Antiphon of the Magnificat

Ant. Petite et accipietis, ut gaudium vestrum sit plenum: ipse enim Pater amat vos, quia vos me amastis, et credidistis, alleluia.


Deus, a quo bona cuncta procedunt; largire supplicibus tuis: ut cogitemus, te inspirante, quæ recta sunt, et te gubernante, eadem faciamus. Per Dominum.
Ant. Ask and ye shall receive, that your joy may be full: for the Father himself loveth you, because ye have loved me, and have believed, alleluia.

Let us Pray.

O God, from whom all that is good proceeds: grant that thy people, by thy inspiration, may resolve on what is right, and by thy direction, put it in practice. Through. &c.

We will close our Sunday with the admonition wherewith the Gothic Church of Spain warned the faithful during Paschal Time. It is a season of joy; and yet we need to be cautious, for our enemy is sure to lay snares for us in the new life we have received.

(Feria V. post Pascha.)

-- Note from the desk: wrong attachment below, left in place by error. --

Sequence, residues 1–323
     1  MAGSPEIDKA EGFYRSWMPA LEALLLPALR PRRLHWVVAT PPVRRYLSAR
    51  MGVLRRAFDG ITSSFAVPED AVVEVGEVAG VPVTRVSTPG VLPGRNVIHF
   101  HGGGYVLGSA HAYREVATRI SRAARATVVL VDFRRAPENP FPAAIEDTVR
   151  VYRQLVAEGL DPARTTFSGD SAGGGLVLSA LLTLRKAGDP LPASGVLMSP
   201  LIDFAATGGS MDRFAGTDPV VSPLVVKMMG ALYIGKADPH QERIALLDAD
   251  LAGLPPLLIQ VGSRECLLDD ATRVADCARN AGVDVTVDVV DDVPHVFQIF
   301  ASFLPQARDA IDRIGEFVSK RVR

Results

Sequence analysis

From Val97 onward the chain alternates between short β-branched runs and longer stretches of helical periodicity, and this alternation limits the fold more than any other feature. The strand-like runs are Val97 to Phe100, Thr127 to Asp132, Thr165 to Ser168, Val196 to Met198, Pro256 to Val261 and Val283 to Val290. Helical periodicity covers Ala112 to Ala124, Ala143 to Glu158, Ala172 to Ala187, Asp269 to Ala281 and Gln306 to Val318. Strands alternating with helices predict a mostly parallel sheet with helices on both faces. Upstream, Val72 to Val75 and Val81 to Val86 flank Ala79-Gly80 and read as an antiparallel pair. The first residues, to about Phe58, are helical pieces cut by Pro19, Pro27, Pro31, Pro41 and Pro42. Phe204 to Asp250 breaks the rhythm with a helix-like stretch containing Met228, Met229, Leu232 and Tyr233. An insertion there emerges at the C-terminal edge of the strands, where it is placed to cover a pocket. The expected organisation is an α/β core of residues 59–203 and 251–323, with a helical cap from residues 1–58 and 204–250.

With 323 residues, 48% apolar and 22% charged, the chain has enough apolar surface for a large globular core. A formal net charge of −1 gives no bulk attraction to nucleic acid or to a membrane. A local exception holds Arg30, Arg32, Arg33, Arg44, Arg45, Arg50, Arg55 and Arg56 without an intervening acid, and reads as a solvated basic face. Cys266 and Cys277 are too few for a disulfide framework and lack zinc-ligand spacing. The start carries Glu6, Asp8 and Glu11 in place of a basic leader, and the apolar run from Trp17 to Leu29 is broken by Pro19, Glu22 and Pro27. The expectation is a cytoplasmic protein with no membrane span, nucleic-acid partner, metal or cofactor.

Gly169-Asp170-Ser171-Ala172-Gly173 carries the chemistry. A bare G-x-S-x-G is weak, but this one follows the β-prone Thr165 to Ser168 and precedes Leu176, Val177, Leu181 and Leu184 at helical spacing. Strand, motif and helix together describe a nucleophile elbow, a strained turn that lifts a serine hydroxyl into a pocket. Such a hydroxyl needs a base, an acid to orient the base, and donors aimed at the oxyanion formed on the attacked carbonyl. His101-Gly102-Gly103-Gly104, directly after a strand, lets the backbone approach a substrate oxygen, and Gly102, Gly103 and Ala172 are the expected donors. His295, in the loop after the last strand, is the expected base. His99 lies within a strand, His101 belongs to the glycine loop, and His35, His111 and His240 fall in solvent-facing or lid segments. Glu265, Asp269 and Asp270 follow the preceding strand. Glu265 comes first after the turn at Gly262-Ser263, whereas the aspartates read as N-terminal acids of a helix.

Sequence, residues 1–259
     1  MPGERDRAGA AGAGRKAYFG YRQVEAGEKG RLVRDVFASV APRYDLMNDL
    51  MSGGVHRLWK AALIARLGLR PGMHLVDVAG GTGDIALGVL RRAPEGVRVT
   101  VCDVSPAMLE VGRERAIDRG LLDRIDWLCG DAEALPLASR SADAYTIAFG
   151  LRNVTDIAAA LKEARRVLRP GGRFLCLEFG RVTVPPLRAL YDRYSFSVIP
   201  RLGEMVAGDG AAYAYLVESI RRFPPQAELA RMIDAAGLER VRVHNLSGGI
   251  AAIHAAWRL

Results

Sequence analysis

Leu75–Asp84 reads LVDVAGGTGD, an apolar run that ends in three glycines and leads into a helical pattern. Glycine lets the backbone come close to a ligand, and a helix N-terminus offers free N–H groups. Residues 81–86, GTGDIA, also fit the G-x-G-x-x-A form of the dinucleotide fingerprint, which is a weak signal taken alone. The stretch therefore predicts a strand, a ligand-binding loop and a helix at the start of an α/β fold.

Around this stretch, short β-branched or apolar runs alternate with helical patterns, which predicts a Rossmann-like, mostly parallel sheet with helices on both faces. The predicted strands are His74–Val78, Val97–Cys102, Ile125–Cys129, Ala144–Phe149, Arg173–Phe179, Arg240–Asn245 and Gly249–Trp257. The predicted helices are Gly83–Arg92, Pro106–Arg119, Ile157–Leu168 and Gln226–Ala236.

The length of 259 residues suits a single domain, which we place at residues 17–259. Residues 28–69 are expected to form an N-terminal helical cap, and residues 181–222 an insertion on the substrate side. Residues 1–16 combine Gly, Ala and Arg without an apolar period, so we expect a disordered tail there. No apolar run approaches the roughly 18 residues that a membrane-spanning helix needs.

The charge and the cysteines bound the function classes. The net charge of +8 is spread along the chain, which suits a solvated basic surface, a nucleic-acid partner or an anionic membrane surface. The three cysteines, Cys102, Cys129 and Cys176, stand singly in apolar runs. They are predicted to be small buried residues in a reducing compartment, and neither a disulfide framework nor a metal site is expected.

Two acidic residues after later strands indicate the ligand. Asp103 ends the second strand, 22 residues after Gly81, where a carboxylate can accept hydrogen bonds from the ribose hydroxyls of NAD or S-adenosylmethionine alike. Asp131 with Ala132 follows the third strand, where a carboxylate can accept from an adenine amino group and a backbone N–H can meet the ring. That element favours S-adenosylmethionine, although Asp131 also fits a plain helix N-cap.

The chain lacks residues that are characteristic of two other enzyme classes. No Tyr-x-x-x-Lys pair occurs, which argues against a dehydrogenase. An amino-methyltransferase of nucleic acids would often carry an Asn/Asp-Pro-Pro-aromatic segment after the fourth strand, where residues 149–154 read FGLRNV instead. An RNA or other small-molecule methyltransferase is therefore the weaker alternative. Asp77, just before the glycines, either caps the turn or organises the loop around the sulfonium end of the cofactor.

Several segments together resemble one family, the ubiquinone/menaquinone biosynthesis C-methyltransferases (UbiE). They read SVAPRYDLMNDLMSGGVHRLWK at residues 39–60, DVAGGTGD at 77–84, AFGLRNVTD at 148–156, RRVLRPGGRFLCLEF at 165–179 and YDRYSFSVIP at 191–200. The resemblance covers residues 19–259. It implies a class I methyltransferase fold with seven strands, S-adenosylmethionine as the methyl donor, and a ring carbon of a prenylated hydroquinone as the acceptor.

Habeant, dilectissimi fratres, vota cautelam, festa diligentiam, gaudia disciplinam. Exsultare decet quod resurrexerimus: sed timere convenit ne cadamus. Inter novam vitam veteremque mortem oportet scire quid evasimus, oportet eligere quid amemus. Non enim error, sed contemptus est peccare commonitum. Major post veniam pœna sequitur contumaces: gravius est captivos fieri jam redemptos. Habet ista pietas potestatem, habet potestas ista terrorem, habet terror iste vindictam. Non enim fuisset pius in homine, nisi prius iratus fuisset in dæmone. Confortamur gratia doni, si non corrumpamur lege pec- cati. Ratio parcendi est prævisio corrigendi. Non mutamur indulgentia, si non renovetur offensa. Qui nobis quod peccavimus indulsit, et ne ultra peccaremus admo- nuit. Profuit dementia, si profecit disciplina. Jam qui- dem hominem gratia adopta- vit, sed necdum dæmonem gehenna suscepit. Violentia peccatum perdidit, non naturam. Dimicandi est facultas, non securitas otiandi. Spo- liatus eat adversarius, non extinctus. Gravius necesse est ut frendeat in amissis, quibus præerat dominando subjectis. Accepimus castra per fidem, arma per crucem, signa per carnem, vexilla per sanguinem: restat causa cer- taminis. Qui enim afferre necesaitatem voluit pugnæ, spem voluit probare victoriæ. Præcessit quidem in adoptione donum, sed adhuc restat in conversatione judicium. Hic promissio eat de munere, illic vicissitudo futura est post laborem. Sit itaque ille ante oculos nostros Domini miserantis affec- tua, quod in taxatione nostra non argenti pondus, non auri talentum dedit, non gratiarum fudit ornatum, sed convitio subdidit se pati- buli, sepulchro sustinens carneam injuriam, sepultu- ram. Nihil majus potuit dare, nihil melius. Ut uti- que sit probandum quod diligentius nos sibi servire voluit, qui pretiosius nos redemit. Ergo ut in nobis redemptionis suae beneficia dignetur perficere, constan- ter nos convenit ac perseve- ranter orare.